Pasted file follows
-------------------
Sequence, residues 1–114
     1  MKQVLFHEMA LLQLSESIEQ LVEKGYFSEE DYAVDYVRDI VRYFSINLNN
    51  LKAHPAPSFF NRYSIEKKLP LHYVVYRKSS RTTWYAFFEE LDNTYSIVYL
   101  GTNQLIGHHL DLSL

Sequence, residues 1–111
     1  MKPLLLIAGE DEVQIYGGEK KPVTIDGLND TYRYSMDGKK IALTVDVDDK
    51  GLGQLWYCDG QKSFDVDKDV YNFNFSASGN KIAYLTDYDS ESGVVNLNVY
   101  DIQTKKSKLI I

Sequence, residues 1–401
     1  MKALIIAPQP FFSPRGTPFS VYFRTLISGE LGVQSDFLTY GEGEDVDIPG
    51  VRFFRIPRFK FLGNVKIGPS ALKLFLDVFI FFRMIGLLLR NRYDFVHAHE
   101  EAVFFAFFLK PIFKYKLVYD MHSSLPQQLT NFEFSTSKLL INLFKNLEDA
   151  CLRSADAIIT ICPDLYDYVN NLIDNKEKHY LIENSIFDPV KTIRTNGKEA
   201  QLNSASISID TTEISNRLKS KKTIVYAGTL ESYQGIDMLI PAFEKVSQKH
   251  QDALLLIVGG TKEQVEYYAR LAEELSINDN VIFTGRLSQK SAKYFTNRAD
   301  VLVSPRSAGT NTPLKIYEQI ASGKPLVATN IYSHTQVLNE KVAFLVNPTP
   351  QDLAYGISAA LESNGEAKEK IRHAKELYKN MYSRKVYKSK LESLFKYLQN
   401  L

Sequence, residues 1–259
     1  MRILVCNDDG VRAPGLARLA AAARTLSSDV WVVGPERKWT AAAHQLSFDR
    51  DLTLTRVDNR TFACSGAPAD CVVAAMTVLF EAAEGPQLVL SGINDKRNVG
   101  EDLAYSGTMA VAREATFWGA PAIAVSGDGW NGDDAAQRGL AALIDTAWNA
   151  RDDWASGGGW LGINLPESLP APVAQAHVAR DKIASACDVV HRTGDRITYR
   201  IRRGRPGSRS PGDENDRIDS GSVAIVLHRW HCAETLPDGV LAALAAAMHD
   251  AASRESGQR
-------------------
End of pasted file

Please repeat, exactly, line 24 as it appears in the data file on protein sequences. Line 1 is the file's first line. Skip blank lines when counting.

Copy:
   201  IRRGRPGSRS PGDENDRIDS GSVAIVLHRW HCAETLPDGV LAALAAAMHD